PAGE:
“Cutting corners by slashing social service programs will only force New Yorkers to stay homeless longer, reduce their chances of finding permanent housing, and ultimately cost the city more taxpayer dollars to warehouse people in inhumane shelters.”

Michael Appleton/Mayoral Photography Office

Mayor Eric Adams presents his Fiscal Year 2024 preliminary budget at City Hall on Thursday, Jan. 12.

New York City’s homeless population has ballooned to levels not seen since the Great Depression. Given the magnitude of this humanitarian crisis, how is the Adams administration meeting the current moment? By releasing a myopic preliminary budget that cuts staffing and funding at critical social service agencies.

Public assistance and rental assistance are on the chopping block at a time when our city faces an immense need, with unprecedented rent hikes and multi-month long waits for food stamps. Mayor Adams is shrinking the Department of Social Services (DSS)’s public assistance budget from $2.7 to $2.3 billion, and cutting an additional $20 million from HPD’s rental assistance programs.

To make matters worse, Mayor Adams also proposes reducing the NYC Commission on Human Rights’ (CCHR) budget by 15 percent by eliminating 20 positions that are currently vacant. Amongst the many hats it wears, CCHR is responsible for protecting tenants from source of income (SOI) discrimination, a rampant and illegal practice that brokers and landlords employ to deny housing to tenants with rental assistance vouchers.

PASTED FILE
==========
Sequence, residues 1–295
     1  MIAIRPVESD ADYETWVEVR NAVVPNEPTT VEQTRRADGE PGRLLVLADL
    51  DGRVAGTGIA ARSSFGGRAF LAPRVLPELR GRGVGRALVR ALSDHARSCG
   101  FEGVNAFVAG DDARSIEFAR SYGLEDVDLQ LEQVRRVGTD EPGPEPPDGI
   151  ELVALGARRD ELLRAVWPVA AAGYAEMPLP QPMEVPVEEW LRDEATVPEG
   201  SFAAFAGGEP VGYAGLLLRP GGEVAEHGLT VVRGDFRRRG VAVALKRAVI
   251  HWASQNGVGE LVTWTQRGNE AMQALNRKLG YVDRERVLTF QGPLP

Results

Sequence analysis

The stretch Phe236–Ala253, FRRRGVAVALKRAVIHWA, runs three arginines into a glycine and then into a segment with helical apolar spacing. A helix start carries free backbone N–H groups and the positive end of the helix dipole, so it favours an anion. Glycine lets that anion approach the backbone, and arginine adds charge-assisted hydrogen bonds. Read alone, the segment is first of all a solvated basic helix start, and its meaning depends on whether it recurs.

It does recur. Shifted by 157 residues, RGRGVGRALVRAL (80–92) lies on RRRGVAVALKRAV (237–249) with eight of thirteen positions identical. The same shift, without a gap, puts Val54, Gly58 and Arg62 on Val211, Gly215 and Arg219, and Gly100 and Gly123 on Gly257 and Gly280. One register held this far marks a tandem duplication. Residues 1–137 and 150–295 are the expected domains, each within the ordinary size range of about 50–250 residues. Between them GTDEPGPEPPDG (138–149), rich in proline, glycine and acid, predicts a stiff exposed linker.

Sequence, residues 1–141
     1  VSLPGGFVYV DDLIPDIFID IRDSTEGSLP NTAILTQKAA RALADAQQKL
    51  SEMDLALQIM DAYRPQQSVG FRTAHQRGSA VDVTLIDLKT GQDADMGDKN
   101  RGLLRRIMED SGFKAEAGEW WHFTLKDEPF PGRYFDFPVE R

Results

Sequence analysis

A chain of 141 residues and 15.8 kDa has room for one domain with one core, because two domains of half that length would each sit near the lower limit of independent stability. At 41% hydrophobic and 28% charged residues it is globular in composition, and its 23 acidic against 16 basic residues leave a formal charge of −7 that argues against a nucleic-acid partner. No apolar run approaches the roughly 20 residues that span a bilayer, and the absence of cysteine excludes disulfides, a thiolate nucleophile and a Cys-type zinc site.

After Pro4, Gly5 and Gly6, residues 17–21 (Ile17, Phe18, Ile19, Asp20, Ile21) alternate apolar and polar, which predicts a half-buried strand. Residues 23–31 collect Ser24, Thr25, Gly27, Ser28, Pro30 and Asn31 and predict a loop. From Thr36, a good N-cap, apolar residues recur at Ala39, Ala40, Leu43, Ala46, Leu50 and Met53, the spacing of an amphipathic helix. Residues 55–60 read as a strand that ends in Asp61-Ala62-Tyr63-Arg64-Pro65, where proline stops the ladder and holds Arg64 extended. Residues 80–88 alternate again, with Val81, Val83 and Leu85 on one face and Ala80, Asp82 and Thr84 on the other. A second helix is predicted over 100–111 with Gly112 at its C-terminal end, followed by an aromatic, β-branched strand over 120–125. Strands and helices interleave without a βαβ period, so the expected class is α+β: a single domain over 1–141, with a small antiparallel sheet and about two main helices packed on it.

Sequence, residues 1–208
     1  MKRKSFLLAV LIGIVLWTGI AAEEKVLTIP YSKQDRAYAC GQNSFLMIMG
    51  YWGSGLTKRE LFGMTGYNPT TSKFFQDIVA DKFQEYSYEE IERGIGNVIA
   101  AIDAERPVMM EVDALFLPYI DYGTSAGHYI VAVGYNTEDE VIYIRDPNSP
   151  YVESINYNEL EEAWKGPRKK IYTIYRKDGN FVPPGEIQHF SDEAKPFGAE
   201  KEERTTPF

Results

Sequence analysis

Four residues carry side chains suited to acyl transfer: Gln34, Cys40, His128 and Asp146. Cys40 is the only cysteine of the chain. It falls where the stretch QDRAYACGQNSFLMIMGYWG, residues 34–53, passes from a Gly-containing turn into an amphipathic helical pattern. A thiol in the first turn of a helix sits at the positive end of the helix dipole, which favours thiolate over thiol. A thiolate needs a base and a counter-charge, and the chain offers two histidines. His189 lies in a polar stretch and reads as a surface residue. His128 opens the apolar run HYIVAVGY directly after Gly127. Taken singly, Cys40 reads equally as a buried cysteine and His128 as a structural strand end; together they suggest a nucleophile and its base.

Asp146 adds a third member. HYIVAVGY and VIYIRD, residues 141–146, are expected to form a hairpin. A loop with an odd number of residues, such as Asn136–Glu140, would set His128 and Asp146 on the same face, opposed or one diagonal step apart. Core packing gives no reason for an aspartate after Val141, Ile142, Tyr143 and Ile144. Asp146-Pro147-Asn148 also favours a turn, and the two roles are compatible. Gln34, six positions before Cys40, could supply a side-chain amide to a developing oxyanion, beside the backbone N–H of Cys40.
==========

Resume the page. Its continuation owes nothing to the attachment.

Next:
Eliminating staff positions and cutting programs that support struggling New Yorkers is a direct attack on the poor and must be stopped. The city is already operating below capacity, with unfathomable human costs.

Take Kamilah Newton for example, a housing activist and single mother of two with a CityFHEPS voucher. After facing over 800 incidents of SOI discrimination during her five-year search for housing, Kamilah finally secured an apartment for her family in November with the support of Unlock NYC. After this grueling search, it took HRA over two months to process her paperwork and allow her family to move out of the shelter and into stable housing. Like thousands of other families, Kamilah and her children were left to languish in the homeless shelter system for months because city agencies are overwhelmed and understaffed. This system failure is cruel and preventable.

At Unlock NYC, we work closely with New Yorkers experiencing homelessness and housing instability to report SOI discrimination. In just two years of operation, we have received over 1,000 reports across the five boroughs. We see in our daily work that CCHR has long been severely understaffed and unable to handle the volume of complaints we receive each month. When discrimination is under-enforced, our homeless shelters stay full.

It is deeply concerning that Mayor Adams did not mention CCHR’s Source of Income unit a single time in his second State of the City address. While he declared that he would “crack down on landlords who discriminate against tenants based on their source of income,” which we applaud, how can this be achieved without appropriately funding the agency responsible for enforcing New York City’s anti-discrimination laws?